The National Times - Israeli PM gives security forces free rein to act after attack

Israeli PM gives security forces free rein to act after attack

Israeli PM gives security forces free rein to act after attack
Israeli PM gives security forces free rein to act after attack

Israel's premier on Friday gave security agencies "full freedom" of operation to curb surging violence, after the latest deadly attack saw a Palestinian gunman kill two men in a popular nightlife area.

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"There are not and will not be limits for this war," Prime Minister Naftali Bennett said, speaking hours after the attack in Tel Aviv.

"We are granting full freedom of action to the army, the Shin Bet (the domestic security agency) and all security forces in order to defeat the terror," he added, in a public address in the Israeli coastal city.

The Palestinian Islamist movement Hamas, which controls the Gaza Strip, and the Islamic Jihad group praised the attack but have stopped short of claiming responsibility.

Earlier Friday, Israeli police said they had shot dead a Palestinian gunman who killed two Israeli men and wounded over a dozen others when he opened fire on a street of busy bars and restaurants crowded on a Thursday evening.

Some 1,000 heavily armed police and army troops fanned out across Tel Aviv hunting for the perpetrator for hours, as locals hid in restaurant kitchens and in their homes.

Israeli Defence Minister Benny Gantz, speaking alongside Bennett, said officers had made "around 200 arrests", adding that "if necessary there will be thousands."

- Engagement party becomes wake -

The two Israeli men killed were named as Tomer Morad and Eytam Magini, both 27 and childhood friends from the city of Kfar Saba, the mayor Rafi Saar said, who called them "our best sons."

Magini was due to celebrate his engagement on Friday evening, Lia Arad, the mother of his fiancee, told Israeli public TV.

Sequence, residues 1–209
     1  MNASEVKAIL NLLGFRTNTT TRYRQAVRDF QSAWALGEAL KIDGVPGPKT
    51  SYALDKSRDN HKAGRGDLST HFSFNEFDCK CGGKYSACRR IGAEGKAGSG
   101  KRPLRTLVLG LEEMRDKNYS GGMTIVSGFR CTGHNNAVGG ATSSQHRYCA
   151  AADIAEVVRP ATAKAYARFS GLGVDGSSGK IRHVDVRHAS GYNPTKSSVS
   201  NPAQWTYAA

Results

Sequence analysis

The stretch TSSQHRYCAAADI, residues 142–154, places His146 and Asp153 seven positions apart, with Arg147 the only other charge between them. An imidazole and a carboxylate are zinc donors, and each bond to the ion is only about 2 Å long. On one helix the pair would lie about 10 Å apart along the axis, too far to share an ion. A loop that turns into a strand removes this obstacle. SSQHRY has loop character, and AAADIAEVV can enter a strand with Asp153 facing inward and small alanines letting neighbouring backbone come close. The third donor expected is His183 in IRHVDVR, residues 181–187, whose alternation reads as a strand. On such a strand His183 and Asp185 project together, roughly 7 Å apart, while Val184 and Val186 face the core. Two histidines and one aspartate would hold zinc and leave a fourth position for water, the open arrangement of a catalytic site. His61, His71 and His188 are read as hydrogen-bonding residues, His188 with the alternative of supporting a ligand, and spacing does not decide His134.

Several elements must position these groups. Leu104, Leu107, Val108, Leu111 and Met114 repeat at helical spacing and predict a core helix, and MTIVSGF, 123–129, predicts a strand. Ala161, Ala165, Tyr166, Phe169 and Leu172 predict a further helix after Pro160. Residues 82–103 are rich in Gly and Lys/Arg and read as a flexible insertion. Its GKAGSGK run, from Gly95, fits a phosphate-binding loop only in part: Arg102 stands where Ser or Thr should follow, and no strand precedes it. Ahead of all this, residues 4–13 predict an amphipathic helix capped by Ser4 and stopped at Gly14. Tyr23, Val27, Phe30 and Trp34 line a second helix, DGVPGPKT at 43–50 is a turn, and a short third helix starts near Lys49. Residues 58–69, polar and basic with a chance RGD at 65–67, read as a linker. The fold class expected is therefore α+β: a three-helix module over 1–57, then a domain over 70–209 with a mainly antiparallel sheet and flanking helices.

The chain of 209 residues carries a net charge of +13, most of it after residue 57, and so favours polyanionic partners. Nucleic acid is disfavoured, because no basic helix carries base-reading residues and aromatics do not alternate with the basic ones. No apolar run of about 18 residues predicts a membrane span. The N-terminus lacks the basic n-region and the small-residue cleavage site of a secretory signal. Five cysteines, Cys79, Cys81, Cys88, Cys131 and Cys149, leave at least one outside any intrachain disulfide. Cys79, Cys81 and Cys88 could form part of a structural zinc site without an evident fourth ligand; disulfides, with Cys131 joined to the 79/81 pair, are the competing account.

"They were supposed to celebrate their engagement party tonight, Eytam's cousins organised it in this house where we are now sitting in mourning," Arad said.

Morad was an avid fan of the Hapoel Tel Aviv Basketball Club, which said in a note of condolence it sent "a warm and loving hug". The two friends are to be buried Sunday.

Special forces confronted the attacker in the old city of Jaffa, the historic Arab district of Tel Aviv, "eliminating the terrorist by exchange of fire", police commissioner Yaakov Shabtai said.

Israel's Shin Bet agency named the assailant as Raad Hazem, 28, from Jenin in the north of the Israeli-occupied West Bank, where last week Israeli forces killed three in a raid.

Palestinian Authority president Mahmud Abbas condemned the attack, saying "the killing of Palestinian and Israeli civilians only leads to a further deterioration of the situation," the official Wafa news agency reported.

US Secretary of State Antony Blinken also criticised the "terrorist attack" and said Washington stood with Israel "in the face of senseless terrorism and violence."

A total of 13 people have been killed in attacks in Israel since March 22, including some carried out by assailants linked to or inspired by the Islamic State group.

Over the same period, at least nine Palestinians have been killed, including assailants.

Fathi Hazem, the father of the attacker, struck a defiant tone as he spoke to hundreds of well-wishers at the family home in Jenin, saying the Palestinians people were looking for "freedom and independence".

On Thursday night, Islamic Jihad "welcomed" the attack as a "natural response" to Israel's "crimes".

The Hamas militant Islamist group praised what it called a "heroic operation", while Lebanon's Iran-backed Hezbollah movement said it was a "victorious" attack.

- 'A nightmare' -

Tel Aviv's Ichilov Hospital, which was treating eight people injured in the shooting, said Friday morning that one of the victims was "in critical condition with an immediate risk to his life".

Eight others with less severe injuries had been treated at other hospitals and released.

On Friday, outside the bar where the attack took place, mourners lit candles and left flowers.

Noa Roberts, 21, who works at a bar across the street from the attack, said she heard dozens of bullets as terrified customers and staff raced to shelter and hid for two hours.

"We all ran in the back, it was so scary," Roberts said. "You hear real shooting, it was like a nightmare."

The attack came the night before the first Friday prayers in the Muslim fasting month of Ramadan.

On Friday, large numbers of Israeli security officers manned the Qalandia checkpoint, where thousands crossed from the West Bank to pray at the Al-Aqsa Mosque in annexed east Jerusalem, the third-holiest site in Islam.

Last year, nightly demonstrations in Jerusalem and the Al-Aqsa compound escalated into 11 days of war between Israel and Hamas.